# Minitab Notes for Activity 5

## Creating the Worksheet

- Label the first column sample mean
- Enter the sample means into the first column

## Generating a Histogram (Question 7)

- Go to Graph / Histogram
- Select the sample mean as the X variable
- (Optional: Recommended) Change the formatting on the bars of the histogram.
By default, the bars are not shaded, so it can be difficult to see them. You
can change that by following these steps.
- Highlight the "Bar" from Item 1
- Click Edit Attributes
- Click on the pull down menu for Fill Type and choose Right Slant (or
some other type of fill)
- You can also change colors of the bars if you like
- Click OK

- (Optional: Recommended) Change the number of bars. Minitab will probably
pick too many bars for the graph to be useful. You may want to see what it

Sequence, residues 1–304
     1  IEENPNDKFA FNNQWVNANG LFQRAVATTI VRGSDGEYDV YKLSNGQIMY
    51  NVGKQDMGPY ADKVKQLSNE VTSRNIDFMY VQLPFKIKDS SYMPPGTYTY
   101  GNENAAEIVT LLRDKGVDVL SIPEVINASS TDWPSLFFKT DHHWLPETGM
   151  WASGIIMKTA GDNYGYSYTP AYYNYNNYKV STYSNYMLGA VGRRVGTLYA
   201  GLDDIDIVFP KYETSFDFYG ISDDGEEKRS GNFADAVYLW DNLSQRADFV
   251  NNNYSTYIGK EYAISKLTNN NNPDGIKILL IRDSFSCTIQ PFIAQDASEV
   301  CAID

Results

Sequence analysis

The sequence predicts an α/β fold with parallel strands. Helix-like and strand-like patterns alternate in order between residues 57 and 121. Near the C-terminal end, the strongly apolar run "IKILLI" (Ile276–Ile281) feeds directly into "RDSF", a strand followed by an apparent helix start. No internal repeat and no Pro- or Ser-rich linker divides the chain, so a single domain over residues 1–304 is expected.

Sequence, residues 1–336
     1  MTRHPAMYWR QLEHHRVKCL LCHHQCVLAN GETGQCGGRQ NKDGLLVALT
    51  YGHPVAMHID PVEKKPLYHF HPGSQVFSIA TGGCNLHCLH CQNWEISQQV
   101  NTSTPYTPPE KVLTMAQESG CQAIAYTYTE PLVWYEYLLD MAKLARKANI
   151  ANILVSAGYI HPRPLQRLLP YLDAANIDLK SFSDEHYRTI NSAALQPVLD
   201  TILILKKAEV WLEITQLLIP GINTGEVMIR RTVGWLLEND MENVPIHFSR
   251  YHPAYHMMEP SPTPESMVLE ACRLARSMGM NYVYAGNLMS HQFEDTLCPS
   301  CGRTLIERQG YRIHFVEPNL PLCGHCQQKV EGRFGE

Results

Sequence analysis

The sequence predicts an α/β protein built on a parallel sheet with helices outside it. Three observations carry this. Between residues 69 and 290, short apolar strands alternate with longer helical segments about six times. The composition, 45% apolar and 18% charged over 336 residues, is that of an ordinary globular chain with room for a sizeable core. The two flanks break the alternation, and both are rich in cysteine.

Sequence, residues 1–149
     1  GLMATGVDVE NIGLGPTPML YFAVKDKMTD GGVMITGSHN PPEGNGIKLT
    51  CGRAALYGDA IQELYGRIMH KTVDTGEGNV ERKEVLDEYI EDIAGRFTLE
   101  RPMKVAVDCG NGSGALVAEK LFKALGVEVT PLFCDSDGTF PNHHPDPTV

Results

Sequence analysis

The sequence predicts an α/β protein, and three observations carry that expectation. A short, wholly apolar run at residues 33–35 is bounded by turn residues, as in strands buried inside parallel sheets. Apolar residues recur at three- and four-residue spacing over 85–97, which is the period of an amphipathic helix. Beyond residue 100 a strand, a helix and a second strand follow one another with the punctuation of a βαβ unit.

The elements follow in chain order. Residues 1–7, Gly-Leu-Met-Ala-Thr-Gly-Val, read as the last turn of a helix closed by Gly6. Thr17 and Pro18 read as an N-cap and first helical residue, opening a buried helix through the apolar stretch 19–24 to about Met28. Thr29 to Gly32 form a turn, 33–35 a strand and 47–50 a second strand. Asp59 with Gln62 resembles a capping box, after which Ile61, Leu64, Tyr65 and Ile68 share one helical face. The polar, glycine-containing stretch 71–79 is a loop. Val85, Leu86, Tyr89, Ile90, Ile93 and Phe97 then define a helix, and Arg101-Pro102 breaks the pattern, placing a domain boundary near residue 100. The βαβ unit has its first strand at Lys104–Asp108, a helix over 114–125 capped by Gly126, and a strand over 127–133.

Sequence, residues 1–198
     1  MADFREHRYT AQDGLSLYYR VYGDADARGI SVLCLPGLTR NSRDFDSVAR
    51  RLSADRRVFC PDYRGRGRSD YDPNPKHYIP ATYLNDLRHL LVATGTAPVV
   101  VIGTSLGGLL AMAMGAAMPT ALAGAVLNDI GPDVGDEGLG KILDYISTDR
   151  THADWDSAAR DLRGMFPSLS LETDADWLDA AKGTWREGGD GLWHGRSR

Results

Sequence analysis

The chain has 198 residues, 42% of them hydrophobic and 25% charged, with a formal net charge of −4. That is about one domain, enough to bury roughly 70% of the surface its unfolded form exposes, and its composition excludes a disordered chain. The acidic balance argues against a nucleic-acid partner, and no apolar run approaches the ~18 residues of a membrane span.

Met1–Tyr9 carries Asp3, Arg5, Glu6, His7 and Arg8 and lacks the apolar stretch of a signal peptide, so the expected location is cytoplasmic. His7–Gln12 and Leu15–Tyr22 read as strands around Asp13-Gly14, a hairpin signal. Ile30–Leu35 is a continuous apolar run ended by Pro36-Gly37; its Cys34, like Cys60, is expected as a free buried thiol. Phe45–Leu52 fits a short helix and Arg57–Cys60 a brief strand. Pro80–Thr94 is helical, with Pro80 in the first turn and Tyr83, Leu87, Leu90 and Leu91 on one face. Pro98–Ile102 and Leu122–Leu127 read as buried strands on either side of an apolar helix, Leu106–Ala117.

does and then go back and play with the graphs until you get one that looks
nice
- Click Options
- Choose Number of intervals for the Definition of Intervals
- Enter the number of bars. Choosing an odd number like 7 is probably
a good starting point. Play with different values until you get a good
looking graph.
- Click OK

- (Optional) You can add titles to your graph by choosing the Title option
from the Annotation pull down menu.
- Click OK to generate the graph.

## Checking Normality (Questions 8 and 9)

Up until this point, we've been using the probability plot command under
graphs to check normality. I like this graph as it has confidence intervals
bands on it that give you a slightly better idea of whether the data follows
the line or not. However, we can do both the normal probability plot and the
Anderson-Darling test at one time if we choose another option, so that's
what we're going to do here.

- Go to Stat / Basic Statistics / Normality Test
- Select sample mean as the variable
- Click OK

The graph window includes both the normal probability plot and the p-value
for the Anderson-Darling test.

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Last updated
January 7, 2003 9:35 PM